BIO Web Conf.
Volume 9, 201740th World Congress of Vine and Wine
|Number of page(s)||4|
|Published online||04 July 2017|
Inactivation of microorganisms by UV-treatment of must and wine
Institute for Viticulture and Enology, Dienstleistungszentrum Ländlicher Raum (DLR) Rheinpfalz, Breitenweg 71, 67435
2 Department of Physiology and Biochemistry of Nutrition, Max Rubner-Institut, Federal Research Institute of Nutrition and Food, Haid-und-Neu-Straße 9, 76131 Karlsruhe, Germany
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The objective was to investigate the applicability of UV-C technology to inactivate yeasts and bacteria in must and wine. Experiments were carried out in vintage 2016 with Riesling musts of different quality containing their natural microflora. Yeasts were tested more resistant to UV-C energy than bacteria. Saccharomyces cerevisiae showed higher tolerance against UV-C irradiation than Hanseniaspora uvarum facilitating new opportunities to control spontaneous fermentations. However, inactivation efficacy was strongly dependent on turbidity of musts and the initial degree of contamination suggesting a shadowing effect of individual germs. Compared with thermal pasteurization, UV-C treatment of must with 1 kJ/L showed similar effects in germ-reduction. While thermal pasteurization significantly decreased aroma precursors in musts, UV-C treatment did not change concentrations of glycosidically-bound C6-alcohols, monoterpenes and C13-norisoprenoids as shown by GC-MS analysis. Applying UV-C technology in wines, it was possible to irreversibly stop ongoing alcoholic fermentation indicating that UV-C treatment is capable to replace SO2 addition to produce wines with residual sugar. Besides inactivation power, UV-C is known for its ability to form powerful off-flavours such as methional or methanethiol. Sensory analysis revealed that the application of UV-C at doses < 2 kJ/L in must is uncritical. However, applying UV-C after alcoholic fermentation can result in rising concentrations of mercaptans already at doses < 1 kJ/L. In this context, compounds such as caftaric acid, riboflavin and dissolved oxygen are thought to positively contribute to the UV-induced formation of off-flavours in wine.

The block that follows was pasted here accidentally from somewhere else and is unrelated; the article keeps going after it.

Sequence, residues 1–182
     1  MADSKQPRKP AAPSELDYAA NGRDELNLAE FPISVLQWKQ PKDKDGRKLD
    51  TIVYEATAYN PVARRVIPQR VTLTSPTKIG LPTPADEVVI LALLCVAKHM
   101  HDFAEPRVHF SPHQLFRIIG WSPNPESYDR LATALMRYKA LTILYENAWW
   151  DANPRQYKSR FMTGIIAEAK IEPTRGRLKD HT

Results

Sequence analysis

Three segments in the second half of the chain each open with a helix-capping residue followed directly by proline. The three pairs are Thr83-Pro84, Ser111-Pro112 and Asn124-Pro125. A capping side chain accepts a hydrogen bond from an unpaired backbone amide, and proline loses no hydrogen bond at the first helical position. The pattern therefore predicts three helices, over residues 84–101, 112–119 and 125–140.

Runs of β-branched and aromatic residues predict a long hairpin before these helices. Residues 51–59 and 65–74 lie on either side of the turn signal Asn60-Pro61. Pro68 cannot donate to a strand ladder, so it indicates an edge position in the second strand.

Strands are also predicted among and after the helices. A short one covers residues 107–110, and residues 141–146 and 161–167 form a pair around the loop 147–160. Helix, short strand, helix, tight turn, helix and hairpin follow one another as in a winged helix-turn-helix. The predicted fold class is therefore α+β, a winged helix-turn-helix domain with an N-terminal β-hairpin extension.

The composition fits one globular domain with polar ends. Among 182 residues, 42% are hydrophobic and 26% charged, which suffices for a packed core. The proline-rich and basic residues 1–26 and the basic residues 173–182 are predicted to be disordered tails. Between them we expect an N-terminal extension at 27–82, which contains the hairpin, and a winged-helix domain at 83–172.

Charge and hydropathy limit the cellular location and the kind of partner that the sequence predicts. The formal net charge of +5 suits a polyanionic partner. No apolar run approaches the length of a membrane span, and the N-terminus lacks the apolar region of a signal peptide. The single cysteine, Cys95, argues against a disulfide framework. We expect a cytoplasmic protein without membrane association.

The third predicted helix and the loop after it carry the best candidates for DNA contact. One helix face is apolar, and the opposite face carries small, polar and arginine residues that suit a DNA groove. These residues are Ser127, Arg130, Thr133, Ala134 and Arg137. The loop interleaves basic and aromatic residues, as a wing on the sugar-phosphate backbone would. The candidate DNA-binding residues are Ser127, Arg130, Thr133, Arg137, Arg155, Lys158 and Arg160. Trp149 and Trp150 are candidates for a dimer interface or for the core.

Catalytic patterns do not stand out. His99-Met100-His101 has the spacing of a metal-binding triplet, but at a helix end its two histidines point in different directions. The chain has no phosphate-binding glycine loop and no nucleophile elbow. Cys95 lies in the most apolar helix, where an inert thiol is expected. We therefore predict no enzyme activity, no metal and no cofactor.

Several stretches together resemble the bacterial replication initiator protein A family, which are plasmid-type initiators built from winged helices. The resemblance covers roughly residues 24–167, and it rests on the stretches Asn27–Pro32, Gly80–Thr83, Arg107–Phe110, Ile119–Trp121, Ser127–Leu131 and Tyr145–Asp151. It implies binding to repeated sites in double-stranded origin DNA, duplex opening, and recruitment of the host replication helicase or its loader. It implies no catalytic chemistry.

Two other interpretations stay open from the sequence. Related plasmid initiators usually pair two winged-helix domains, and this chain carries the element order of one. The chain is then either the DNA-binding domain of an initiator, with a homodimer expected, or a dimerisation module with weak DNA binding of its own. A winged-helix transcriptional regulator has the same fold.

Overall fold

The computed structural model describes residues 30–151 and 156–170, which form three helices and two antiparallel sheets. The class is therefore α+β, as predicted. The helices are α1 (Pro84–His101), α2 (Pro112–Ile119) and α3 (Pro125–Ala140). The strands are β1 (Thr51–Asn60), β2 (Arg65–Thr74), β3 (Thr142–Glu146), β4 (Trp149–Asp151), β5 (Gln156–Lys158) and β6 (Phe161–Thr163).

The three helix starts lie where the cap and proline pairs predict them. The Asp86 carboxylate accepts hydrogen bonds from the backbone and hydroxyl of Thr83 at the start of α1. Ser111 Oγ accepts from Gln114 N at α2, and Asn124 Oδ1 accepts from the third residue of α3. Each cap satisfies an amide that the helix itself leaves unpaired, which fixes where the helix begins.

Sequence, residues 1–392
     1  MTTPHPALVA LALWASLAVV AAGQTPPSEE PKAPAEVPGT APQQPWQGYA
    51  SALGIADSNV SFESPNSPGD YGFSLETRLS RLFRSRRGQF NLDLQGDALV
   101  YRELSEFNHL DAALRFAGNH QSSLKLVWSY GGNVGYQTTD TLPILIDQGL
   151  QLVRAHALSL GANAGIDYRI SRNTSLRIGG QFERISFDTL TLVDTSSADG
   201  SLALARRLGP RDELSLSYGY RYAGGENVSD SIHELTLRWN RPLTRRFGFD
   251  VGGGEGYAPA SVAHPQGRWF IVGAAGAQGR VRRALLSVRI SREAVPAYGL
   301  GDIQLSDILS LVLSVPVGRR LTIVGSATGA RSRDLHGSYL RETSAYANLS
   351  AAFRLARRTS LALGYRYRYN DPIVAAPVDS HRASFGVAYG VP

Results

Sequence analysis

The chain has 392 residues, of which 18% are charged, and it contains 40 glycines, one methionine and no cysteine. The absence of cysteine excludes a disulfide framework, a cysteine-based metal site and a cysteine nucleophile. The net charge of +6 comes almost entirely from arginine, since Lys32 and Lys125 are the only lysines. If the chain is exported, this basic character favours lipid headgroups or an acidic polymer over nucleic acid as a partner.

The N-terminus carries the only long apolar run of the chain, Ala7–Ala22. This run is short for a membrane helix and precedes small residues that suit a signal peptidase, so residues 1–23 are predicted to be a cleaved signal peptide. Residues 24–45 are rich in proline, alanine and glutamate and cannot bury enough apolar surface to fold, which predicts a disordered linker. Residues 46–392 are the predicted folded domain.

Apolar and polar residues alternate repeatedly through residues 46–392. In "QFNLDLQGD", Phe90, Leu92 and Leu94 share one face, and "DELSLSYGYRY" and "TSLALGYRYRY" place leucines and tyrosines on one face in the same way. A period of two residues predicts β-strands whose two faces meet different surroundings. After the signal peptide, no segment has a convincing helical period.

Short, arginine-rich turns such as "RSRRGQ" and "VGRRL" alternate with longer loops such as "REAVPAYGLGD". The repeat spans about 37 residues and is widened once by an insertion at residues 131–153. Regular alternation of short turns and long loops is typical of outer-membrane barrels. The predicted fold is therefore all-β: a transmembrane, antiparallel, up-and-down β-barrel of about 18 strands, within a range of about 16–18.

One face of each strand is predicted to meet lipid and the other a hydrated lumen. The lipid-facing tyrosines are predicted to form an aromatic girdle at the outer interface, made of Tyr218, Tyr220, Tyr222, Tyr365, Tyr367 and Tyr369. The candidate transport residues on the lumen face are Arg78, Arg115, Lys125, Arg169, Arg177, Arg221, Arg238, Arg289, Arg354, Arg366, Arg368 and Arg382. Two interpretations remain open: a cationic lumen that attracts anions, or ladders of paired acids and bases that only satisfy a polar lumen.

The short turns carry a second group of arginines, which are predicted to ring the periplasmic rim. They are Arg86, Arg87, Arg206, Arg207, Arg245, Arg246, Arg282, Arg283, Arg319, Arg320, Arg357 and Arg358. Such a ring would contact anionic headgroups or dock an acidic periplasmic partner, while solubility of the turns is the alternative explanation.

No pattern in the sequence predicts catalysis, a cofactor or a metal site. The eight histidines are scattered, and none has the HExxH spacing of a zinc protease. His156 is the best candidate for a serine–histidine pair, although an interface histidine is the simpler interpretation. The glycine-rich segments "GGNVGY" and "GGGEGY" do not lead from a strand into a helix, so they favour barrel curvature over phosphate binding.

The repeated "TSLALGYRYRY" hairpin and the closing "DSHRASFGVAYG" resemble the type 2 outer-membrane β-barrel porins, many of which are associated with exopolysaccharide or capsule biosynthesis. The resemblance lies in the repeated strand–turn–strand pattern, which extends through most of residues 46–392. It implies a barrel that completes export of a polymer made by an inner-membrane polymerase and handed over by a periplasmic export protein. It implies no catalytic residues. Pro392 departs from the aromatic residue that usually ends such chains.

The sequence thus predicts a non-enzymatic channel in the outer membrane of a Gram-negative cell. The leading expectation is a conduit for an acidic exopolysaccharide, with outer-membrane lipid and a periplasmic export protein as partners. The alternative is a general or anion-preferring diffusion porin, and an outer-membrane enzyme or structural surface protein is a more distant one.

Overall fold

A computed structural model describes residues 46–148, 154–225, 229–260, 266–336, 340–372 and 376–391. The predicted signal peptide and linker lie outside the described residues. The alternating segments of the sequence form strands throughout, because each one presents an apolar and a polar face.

© The Authors, published by EDP Sciences 2017
This is an Open Access article distributed under the terms of the Creative Commons Attribution License 4.0 (http://creativecommons.org/licenses/by/4.0/).
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